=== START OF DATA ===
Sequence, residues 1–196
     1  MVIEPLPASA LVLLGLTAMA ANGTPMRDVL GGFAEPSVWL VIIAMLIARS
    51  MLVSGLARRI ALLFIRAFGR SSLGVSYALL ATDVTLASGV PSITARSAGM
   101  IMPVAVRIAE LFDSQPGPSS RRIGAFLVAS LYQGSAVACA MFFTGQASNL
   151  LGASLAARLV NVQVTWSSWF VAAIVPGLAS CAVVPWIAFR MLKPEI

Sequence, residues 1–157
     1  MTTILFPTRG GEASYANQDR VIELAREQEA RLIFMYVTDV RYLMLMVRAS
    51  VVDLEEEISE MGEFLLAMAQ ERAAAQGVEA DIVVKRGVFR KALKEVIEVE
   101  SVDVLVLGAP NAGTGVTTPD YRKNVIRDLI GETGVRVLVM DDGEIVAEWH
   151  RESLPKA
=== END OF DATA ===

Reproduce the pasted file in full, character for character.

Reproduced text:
Sequence, residues 1–196
     1  MVIEPLPASA LVLLGLTAMA ANGTPMRDVL GGFAEPSVWL VIIAMLIARS
    51  MLVSGLARRI ALLFIRAFGR SSLGVSYALL ATDVTLASGV PSITARSAGM
   101  IMPVAVRIAE LFDSQPGPSS RRIGAFLVAS LYQGSAVACA MFFTGQASNL
   151  LGASLAARLV NVQVTWSSWF VAAIVPGLAS CAVVPWIAFR MLKPEI

Sequence, residues 1–157
     1  MTTILFPTRG GEASYANQDR VIELAREQEA RLIFMYVTDV RYLMLMVRAS
    51  VVDLEEEISE MGEFLLAMAQ ERAAAQGVEA DIVVKRGVFR KALKEVIEVE
   101  SVDVLVLGAP NAGTGVTTPD YRKNVIRDLI GETGVRVLVM DDGEIVAEWH
   151  RESLPKA